Children hospitalised with contagious disease

At least four children have been hospitalised in the city after developing complications from Hand, Foot and Mouth Disease.

Hand, Foot and Mouth Disease gets its name from the non-itchy rash that develops on the palms of hands and soles of the feet. It can also cause mouth ulcers make those who catch it feel generally unwell.

Highly contagious, the condition is common in children under ten years of age. However, adolescents and adults can also be affected.

Generally, Hand, Foot and Mouth Disease is a mild and short-lasting illness and treatment is usually not needed as the body’s immune system clears the virus and symptoms go away after about seven to ten days.

The first symptoms include fever and feeling unwell, loss of appetite, lethargy, sore throat and small red spots in the mouth, throat and skin.

The sores can be extremely painful. There may also be a rash on the soles of the feet, the palms of the hands, and occasionally on the buttocks. The rash will first look like flat red spots and that will then become raised and may blister.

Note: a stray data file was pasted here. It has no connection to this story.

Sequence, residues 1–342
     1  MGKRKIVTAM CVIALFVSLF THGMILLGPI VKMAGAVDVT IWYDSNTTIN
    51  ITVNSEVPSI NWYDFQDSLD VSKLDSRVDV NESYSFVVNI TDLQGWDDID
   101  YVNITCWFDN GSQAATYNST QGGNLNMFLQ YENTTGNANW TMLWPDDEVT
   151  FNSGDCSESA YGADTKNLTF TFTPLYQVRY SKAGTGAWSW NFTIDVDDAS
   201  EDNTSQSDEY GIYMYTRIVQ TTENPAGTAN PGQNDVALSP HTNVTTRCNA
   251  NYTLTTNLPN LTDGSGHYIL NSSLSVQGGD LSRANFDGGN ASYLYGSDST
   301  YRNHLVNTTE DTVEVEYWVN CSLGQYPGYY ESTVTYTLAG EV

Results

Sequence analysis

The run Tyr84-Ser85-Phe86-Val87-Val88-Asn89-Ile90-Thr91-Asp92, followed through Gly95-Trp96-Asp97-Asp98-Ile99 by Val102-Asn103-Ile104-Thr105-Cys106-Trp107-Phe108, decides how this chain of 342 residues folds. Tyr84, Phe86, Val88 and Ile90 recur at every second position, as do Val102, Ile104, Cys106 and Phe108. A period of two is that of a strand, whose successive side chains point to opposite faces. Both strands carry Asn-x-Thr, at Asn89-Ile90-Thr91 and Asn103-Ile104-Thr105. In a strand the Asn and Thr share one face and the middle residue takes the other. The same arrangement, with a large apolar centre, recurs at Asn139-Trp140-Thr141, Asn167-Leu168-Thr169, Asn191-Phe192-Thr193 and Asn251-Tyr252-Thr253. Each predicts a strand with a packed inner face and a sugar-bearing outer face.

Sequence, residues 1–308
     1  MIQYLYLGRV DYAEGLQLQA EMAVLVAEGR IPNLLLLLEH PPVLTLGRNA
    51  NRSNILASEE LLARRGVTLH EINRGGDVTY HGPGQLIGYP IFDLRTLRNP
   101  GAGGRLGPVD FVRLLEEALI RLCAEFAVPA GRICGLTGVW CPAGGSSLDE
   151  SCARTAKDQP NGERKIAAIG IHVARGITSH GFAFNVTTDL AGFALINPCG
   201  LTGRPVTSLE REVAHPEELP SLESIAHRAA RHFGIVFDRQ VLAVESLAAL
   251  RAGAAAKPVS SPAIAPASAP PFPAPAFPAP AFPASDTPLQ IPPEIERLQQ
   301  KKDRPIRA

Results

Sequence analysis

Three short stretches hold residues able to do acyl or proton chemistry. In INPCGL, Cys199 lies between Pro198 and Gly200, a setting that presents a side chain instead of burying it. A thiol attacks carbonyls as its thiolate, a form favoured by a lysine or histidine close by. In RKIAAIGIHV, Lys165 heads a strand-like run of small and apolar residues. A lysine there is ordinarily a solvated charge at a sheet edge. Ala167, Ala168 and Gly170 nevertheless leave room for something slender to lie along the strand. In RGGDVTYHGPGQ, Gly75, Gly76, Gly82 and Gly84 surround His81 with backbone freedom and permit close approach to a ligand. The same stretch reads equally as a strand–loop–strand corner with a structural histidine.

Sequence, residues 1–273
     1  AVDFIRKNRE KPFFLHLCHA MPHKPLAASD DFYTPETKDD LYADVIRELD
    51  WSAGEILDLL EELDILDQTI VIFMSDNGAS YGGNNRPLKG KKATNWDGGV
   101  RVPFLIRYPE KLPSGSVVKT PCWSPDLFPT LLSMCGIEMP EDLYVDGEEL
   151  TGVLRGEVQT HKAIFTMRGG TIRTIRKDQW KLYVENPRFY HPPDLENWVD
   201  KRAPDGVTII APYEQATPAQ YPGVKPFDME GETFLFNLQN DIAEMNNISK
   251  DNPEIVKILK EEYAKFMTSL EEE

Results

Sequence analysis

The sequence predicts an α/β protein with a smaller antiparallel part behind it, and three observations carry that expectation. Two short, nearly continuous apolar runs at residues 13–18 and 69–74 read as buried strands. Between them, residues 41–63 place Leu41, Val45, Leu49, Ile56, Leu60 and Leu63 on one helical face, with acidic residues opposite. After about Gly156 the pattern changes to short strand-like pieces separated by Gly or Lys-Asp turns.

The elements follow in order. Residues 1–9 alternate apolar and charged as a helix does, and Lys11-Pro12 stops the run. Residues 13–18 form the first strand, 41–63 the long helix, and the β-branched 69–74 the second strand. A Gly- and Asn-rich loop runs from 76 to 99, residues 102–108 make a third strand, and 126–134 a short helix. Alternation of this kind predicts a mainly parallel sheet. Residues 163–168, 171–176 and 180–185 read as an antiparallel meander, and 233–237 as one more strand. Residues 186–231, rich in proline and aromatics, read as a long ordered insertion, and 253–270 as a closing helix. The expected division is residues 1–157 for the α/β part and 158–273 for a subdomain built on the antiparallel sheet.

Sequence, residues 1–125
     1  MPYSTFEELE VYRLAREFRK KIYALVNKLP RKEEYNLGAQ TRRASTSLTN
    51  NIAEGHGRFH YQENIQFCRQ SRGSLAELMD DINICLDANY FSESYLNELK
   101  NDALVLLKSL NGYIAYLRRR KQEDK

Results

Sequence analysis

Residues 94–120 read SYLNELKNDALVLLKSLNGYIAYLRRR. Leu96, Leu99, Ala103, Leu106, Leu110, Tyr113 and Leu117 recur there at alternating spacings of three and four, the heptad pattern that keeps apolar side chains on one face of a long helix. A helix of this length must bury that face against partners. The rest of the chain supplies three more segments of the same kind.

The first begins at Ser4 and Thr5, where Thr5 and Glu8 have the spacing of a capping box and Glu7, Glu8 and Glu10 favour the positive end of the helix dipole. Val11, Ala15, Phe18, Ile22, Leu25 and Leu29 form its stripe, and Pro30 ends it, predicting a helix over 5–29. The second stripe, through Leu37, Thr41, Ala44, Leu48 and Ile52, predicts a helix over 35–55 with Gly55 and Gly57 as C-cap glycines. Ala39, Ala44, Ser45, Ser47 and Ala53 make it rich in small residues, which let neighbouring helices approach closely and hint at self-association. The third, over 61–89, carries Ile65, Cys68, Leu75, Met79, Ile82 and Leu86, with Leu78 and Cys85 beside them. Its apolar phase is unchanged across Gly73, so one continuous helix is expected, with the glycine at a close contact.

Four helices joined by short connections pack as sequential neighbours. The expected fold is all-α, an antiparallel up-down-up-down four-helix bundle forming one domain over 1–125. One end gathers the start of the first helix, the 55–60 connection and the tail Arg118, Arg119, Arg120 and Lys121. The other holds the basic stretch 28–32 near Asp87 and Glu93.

The viruses causing it are spread through coughs or sneezes.

There is no specific treatment for the condition. As it is caused by a viral infection, it cannot be treated with antibiotics.

Symptoms can be eased by resting, drinking plenty of fluids and taking children’s paracetamol to relieve pain and bring down a temperature.

The pain of mouth ulcers can be numbed with anaesthetic mouthwashes or sprays.

Complications can include dehydration, infection of the sores and – much more rarely – viral meningitis, which is an infection of the meninges, the membranes that cover the brain and spinal cord. In even rarer cases, it can lead to encephalitis, an infection that causes the brain tissue to swell and become inflamed, sometimes leading to brain damage death.

As it is extremely contagious, a child is diagnosed with HFMD, must be kept at home until they have fully recovered.

Make sure that proper hand washing techniques are followed by everyone who comes in contact with the child infected.